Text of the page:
Re: Four Rivers Revisited

Allen Roy (
Mon, 3 May 1999 12:07:41 -0700

> > Jonathan wrote:
> > In a catastrophic setting, the sandstones would be deposited from
> > or silicate rich waters. The deposit would become cemented by
> > minerals from the water solution which saturates the sands. One need
> > wait for reletively slow percolation to do the job.
> Fast or slow, the cement must be deposited from fluids percolating
through the
> sediment (unless you believe it materialises from the 4th dimension).

I was trying to make the point that if the sediment was lain by water
deposition, then one would not need fluids to percolate through the
sediment because the sediments would already be highly saturated with
fluids containing the cementing minerals in solution. The fluids would
eventually leave the sediment (percolate out?) leaving it cemented

> You did not mention Roman cement in the first instance, but specifically
> Portland cement. Roman cement was indeed made from lime. On addition
> water lime forms calcium hydroxide, or slaked lime. Like the hydrated
> calcium-aluminosilicates of Portland cement this has no counterpart in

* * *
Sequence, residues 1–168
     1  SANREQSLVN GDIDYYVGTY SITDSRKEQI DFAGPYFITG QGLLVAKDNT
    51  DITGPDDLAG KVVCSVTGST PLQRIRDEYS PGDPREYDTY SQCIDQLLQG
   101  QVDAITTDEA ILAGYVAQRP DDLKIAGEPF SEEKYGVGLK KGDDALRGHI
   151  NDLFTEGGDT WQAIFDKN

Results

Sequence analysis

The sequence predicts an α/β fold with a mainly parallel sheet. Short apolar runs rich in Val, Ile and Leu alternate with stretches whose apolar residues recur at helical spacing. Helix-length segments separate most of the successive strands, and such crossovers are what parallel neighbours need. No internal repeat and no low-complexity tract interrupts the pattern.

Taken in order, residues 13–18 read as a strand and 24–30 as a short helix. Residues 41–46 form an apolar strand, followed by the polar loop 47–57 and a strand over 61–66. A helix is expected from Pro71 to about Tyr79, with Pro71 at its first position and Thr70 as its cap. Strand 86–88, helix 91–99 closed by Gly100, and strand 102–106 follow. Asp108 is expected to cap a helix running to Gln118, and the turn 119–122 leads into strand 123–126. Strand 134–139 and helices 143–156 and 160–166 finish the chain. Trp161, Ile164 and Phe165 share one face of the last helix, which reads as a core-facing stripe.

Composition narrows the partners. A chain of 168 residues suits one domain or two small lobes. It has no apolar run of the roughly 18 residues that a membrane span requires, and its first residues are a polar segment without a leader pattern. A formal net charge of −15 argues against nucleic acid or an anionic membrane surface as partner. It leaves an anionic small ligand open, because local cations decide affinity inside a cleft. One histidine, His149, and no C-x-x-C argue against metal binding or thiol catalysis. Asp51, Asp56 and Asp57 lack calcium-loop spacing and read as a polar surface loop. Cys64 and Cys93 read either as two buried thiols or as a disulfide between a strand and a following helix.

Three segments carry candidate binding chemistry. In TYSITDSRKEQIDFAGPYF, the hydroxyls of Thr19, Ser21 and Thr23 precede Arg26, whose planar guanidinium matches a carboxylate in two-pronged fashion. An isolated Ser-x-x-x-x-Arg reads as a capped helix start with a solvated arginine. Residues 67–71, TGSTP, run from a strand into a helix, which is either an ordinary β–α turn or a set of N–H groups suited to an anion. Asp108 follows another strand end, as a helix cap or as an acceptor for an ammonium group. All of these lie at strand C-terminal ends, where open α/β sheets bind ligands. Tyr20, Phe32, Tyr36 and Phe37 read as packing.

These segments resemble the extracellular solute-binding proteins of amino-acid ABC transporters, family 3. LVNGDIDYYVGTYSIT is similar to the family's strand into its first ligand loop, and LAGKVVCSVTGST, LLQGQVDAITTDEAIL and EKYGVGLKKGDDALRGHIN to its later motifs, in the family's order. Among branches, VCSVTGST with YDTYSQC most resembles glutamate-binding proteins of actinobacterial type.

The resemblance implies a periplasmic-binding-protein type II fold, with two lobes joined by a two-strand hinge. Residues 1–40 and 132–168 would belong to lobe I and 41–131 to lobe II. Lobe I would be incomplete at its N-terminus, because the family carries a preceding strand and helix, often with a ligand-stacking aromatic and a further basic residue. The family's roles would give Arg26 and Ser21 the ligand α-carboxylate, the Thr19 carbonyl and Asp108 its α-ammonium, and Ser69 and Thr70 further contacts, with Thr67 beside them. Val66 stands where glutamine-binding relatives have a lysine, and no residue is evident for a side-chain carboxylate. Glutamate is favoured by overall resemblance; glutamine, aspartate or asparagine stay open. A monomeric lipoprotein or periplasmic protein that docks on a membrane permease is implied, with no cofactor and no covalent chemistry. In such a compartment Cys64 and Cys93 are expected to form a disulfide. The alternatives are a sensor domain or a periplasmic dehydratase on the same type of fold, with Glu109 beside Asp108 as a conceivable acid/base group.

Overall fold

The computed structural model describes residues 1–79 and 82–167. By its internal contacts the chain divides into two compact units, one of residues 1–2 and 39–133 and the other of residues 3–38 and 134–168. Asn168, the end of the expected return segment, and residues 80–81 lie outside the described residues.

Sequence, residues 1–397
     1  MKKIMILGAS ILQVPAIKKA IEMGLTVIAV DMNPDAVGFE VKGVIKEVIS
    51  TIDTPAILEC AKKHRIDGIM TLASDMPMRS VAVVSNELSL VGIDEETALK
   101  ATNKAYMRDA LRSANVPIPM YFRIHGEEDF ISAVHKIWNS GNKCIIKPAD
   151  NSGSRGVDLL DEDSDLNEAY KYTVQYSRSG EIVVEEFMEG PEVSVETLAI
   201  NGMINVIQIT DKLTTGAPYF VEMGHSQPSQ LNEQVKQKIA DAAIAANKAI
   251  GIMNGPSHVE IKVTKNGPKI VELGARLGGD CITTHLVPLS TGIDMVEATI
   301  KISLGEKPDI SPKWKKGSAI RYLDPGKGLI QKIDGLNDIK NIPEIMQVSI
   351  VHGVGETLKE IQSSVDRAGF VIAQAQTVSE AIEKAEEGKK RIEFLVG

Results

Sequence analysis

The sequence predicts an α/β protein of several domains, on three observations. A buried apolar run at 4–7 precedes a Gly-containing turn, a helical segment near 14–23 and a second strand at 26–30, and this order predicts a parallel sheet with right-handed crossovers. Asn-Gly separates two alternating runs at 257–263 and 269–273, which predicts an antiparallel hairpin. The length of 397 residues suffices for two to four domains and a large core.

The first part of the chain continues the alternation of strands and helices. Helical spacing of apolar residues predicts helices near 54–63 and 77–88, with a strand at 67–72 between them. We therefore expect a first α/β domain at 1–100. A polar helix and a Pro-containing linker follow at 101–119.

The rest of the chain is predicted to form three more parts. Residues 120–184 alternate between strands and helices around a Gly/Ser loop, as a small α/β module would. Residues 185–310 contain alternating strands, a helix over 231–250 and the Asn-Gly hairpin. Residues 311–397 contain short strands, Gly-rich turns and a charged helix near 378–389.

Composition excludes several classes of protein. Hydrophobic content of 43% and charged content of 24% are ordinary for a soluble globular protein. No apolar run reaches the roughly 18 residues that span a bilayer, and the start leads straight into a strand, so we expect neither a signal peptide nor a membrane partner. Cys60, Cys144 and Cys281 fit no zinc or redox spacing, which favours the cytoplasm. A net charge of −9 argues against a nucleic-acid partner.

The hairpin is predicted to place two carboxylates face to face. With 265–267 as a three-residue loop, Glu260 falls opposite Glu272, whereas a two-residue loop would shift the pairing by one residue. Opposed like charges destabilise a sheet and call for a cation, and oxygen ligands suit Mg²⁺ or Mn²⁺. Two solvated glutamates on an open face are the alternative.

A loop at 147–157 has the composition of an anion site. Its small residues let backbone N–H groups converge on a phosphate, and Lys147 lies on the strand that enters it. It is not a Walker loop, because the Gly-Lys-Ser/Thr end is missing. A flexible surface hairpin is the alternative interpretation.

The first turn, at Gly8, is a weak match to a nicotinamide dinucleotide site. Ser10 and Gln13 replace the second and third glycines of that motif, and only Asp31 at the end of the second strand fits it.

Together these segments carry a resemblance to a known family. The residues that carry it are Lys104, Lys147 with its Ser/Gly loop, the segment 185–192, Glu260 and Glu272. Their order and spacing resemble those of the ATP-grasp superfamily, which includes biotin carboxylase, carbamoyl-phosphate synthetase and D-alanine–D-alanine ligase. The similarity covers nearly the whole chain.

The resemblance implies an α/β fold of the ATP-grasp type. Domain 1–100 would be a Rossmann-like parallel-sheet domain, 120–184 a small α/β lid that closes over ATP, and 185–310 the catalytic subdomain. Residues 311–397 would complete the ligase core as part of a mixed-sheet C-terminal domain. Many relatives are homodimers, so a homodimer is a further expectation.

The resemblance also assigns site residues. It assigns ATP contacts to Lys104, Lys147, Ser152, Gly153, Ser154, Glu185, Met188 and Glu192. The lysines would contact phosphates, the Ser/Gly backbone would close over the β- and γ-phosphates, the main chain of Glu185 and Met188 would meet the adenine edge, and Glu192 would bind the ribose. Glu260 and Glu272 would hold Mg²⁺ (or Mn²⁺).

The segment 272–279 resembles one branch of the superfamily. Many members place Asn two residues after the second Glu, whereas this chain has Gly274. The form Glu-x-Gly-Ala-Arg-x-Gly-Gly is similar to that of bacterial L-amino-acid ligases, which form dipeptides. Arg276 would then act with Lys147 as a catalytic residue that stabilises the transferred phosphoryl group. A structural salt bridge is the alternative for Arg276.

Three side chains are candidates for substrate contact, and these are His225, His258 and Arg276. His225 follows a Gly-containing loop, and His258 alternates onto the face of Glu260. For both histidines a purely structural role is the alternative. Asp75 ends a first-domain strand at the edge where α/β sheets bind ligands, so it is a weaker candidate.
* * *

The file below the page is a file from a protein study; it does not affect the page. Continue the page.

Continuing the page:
> geological world (at least that I am aware of).
> I have no problem with rapid cementation by carbonates. Cementation
rates are
> very variable, some deep sea oozes are uncemented even at great depth,
> sediments cement instantaneously. There are ways of determining which is
> relevant to a particular example. The types of sediments and the
environments in
> which you get rapid cementation are well known, as are those unlikely to
> it. If we are to discuss cementation, let us use realistic examples.
Please do
> not bring in red herrings about concrete or roman cement, they are not
> relevant.

Alright, my use of Portland cement was not the best example. I was trying
to point out that rapid hardening could account for some of the Flood
depositions being broken up and moved about while during the same
catastrophe. The minerals in solution during various stages of the flood,
likely in concord with the source region of impact tsunami, could provide
ready cementing minerals in abundance (or lack thereof) contained within
the fluids in the sediments as they are lain. That would be the
depositional environment of the sediments.